Call for Papers
Special issue for Locale: The Australasian-Pacific Journal of Regional Food Studies
Food Pedagogies and the Senses
Rick Flowers, University of Technology Sydney and
Elaine Swan, University of Sussex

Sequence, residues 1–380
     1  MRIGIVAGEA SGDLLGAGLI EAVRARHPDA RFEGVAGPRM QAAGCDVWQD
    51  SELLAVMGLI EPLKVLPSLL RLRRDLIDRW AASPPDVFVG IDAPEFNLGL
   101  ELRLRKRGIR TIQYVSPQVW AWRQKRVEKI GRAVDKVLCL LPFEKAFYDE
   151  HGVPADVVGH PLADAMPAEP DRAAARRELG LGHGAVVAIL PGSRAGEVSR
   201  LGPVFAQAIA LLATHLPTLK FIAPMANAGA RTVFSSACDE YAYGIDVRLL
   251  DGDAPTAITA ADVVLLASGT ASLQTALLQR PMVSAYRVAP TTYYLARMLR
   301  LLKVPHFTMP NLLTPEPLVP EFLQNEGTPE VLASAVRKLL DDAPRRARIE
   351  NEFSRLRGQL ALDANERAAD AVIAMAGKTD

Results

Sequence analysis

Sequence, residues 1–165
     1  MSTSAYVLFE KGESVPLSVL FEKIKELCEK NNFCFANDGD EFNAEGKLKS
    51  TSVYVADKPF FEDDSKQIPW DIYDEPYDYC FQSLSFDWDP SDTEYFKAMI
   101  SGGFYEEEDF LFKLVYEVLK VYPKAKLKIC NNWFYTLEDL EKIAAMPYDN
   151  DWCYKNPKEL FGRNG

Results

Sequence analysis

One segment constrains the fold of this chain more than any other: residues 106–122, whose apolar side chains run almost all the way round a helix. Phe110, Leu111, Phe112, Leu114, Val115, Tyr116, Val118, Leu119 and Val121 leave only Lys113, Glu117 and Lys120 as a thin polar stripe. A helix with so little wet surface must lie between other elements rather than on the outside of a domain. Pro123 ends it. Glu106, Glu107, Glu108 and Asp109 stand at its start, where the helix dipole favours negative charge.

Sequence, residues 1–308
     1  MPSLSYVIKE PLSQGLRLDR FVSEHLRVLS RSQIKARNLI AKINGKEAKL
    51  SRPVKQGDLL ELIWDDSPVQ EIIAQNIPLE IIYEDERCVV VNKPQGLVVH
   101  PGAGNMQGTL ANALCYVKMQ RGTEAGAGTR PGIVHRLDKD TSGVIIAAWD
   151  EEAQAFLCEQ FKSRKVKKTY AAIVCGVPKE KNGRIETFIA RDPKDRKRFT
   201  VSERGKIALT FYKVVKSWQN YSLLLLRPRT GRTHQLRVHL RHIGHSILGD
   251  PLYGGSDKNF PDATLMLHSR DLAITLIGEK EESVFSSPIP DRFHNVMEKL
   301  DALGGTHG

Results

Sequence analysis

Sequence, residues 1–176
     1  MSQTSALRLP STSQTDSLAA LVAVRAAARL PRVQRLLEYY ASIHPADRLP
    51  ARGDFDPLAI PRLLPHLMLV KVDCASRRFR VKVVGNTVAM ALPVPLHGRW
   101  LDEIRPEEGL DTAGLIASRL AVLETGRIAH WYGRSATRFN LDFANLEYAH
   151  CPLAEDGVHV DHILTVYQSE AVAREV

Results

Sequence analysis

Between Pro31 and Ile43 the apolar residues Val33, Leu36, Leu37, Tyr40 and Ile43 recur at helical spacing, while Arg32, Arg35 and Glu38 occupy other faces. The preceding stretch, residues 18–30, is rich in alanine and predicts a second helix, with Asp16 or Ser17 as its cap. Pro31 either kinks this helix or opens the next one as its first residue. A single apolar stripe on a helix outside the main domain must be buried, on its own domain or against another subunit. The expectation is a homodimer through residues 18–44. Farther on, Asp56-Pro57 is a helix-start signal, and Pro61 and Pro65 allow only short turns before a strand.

In this call, we seek papers that offer analyses of the sensory politics of food pedagogies. Papers should have a local, national or regional focus on the Pacific Rim across Asia, Oceania, North and South America, which can include intersections with global and diasporic perspectives. By food pedagogies, we refer to attempts by a range of agencies, actors, institutions and media to ‘teach’ about growing, shopping, cooking, eating, and wasting food (Flowers and Swan 2015; Leahy and Pike 2015; Etmanski 2015; Sumner 2013). By teach, we mean various processes of formal, informal and incidental education and learning, inside and beyond the classroom. Examples of formal food pedagogies include cooking courses, health education, nutrition workshops, culinary tours, and permaculture courses; informal food pedagogies encompass museum food exhibitions, TV cooking shows, community gardening projects, food activist campaigns, food industry marketing public health programmes; and incidental food pedagogies cover learning from eating and drinking, at work, at home, in restaurants, and large-scale food events. Thus, food pedagogues can include museum curators, health workers, food tour guides, nutritionists, teachers, food activists, food producers and retailers, celebrity chefs and celebrity farmers. Our definition draws from Australian and American scholars who use pedagogy as an analytic to study cultural and social processes and relations which attempt to modify how we act, feel and think (Luke 1996; Sandlin, O’Malley and Burdick 2011; Watkins, Noble and Driscoll 2015). In essence, ‘culture can and does operate in pedagogical ways’ (Hickey-Moody, Savage and Windle 2010, p. 227). This means examining the pedagogical dimensions of processes such as socialisation, reproduction, interpellation, embodiment and analysing how forms of food subjectivity and food conduct are capacitated, regulated and shaped in gendered, racialised, heternormative and classed ways across public, private and domestic spheres (Watkins et al., 2015; Luke 1996).